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2018 Issues

Devices, decisions: POC glucose in the critically ill

January 2018—Using point-of-care glucose meters in critically ill patients can feel like tiptoeing through a regulatory minefield. Perhaps your preferred meter hasn’t been cleared by the FDA for use in this population. Or maybe you’re not sure which assay performance requirements should be regulating the performance of your meters. Or perhaps you’re still trying to define “critically ill.”

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AABB seeks comments on form to streamline transfusion adverse reaction reporting

January 2018—The AABB is seeking comments by March 30 on its common transfusion reaction reporting form, the seven pages of which are presented online at www.bit.ly/AABB-reportform. The fillable PDF form is intended to be used by hospitals and blood centers to communicate information about transfusion reactions to the blood supplier, particularly when there are multiple suppliers to the hospital transfusion service.

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Cytopathology in Focus: Standardized reporting for breast FNAB cytology

January 2018—In countries with developed medical infrastructure, the use of breast fine-needle aspiration biopsy (FNAB) cytology has had its share of challenges over the past 20 years, among them the use of core needle biopsies. In developing countries where the use of FNAB cytology has been increasing rapidly, breast lesions are one of the most common sites sampled by FNAB. In 2016, the International Academy of Cytology Executive Council put together a “Breast Group,” which consists of cytopathologists, surgical pathologists, radiologists, surgeons, and oncologists working in breast care, with the aim of producing a comprehensive and standardized approach to breast FNAB cytology reporting.

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Cytopathology in Focus: A right and a wrong way to use CAP educational kits

January 2018—The CAP Cytopathology Committee constructs educational and interlaboratory comparison kits that are distributed regularly to cytotechnologists, cytopathologists, and pathologists who want continuing education in cytopathology. The purpose of the kits is to make it possible for those who screen and diagnose cytology slides to maintain and update their skills. However, the Cytopathology Committee has been made aware that the kits have been employed for purposes other than education. We address here the potentially detrimental uses to which some laboratories are putting these educational kits and advise laboratories to use them only as they were intended.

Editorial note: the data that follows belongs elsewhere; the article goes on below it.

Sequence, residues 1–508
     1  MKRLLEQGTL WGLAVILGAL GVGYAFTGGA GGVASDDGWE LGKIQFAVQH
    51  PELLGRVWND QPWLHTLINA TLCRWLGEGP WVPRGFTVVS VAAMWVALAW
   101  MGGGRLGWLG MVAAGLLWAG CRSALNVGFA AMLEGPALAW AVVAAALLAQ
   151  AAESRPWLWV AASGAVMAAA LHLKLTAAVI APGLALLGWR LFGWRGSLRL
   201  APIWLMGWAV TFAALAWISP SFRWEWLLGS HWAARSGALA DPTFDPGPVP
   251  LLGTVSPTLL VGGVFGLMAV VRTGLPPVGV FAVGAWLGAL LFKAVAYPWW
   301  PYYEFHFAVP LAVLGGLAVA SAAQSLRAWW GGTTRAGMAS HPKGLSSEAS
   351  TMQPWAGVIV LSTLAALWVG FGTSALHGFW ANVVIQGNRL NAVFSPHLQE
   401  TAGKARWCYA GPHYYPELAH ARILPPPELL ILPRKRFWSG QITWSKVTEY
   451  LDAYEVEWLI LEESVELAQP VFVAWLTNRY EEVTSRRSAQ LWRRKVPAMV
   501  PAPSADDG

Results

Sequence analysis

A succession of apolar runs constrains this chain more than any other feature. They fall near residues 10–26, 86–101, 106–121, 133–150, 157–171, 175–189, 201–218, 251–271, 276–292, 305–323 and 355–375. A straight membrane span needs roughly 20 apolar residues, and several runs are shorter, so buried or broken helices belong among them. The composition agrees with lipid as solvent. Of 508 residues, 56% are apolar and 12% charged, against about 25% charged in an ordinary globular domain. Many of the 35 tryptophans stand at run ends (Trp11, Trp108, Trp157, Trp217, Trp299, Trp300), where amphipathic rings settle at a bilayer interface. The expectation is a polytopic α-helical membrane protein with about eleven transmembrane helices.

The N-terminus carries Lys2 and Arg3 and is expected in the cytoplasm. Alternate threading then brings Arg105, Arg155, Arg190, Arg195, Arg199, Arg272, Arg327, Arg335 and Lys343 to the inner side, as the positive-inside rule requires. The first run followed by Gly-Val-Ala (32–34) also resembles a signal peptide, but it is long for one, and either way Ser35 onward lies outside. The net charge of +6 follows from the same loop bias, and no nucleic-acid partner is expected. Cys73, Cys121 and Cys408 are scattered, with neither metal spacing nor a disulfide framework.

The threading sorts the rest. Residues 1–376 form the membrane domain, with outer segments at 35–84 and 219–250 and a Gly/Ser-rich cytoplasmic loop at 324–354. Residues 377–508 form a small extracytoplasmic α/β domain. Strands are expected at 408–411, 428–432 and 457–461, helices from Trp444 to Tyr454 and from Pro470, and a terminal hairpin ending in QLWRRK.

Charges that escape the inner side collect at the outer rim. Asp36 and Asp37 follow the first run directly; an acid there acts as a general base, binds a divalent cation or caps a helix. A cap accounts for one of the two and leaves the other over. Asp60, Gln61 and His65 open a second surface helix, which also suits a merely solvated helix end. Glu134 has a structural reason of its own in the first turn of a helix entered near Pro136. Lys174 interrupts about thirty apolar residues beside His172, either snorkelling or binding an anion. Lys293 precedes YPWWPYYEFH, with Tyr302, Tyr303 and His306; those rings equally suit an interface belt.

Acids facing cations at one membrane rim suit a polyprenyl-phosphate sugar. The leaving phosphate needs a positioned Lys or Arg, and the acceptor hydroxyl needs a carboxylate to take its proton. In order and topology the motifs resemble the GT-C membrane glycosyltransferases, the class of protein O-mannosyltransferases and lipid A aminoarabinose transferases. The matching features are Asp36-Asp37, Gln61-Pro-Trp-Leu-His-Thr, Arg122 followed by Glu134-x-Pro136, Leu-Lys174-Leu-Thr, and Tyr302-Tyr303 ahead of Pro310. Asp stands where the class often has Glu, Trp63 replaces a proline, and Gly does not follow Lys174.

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Cytopathology in Focus: HPV vaccines: the decade in review

January 2018—Diane Harper, MD, MPH, and Leslie DeMars, MD, provide an extensive review of the efficacy of available FDA-approved HPV vaccines in different age groups and describe immunogenicity findings in particular (Gynecol Oncol. 2017;146:196–204). The World Health Organization and the Centers for Disease Control and Prevention recommend a two-dose vaccine for younger children due to high rates of seroconversion and antibody titers in this age group. Girls age 15 and older should continue to get three doses.

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Anatomic Pathology Abstracts, 1/18

January 2018—Analysis of desmoplastic pattern at the tumor front in colorectal cancer subtypes: Although recent findings of cancer biology research indicate that prognostic power arises from genes expressed by stromal cells rather than epithelial cells, desmoplastic reaction has not been completely examined as a prognostic marker for colorectal cancer. The authors conducted a pathologic review of 821 stage II and III patients who underwent R0 resection for colorectal cancer at four independent institutions.

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Clinical Pathology Abstracts, 1/18

January 2018—Drone transport of chemistry and hematology samples over long distances: Interest in using unmanned aerial vehicles, or drones, to transport laboratory specimens is based on the need to move specimens from satellite facilities to a central hub for testing. Earlier studies of biological specimens transported by drones were performed in ambient or cold temperatures for a maximum flight length of 40 minutes.

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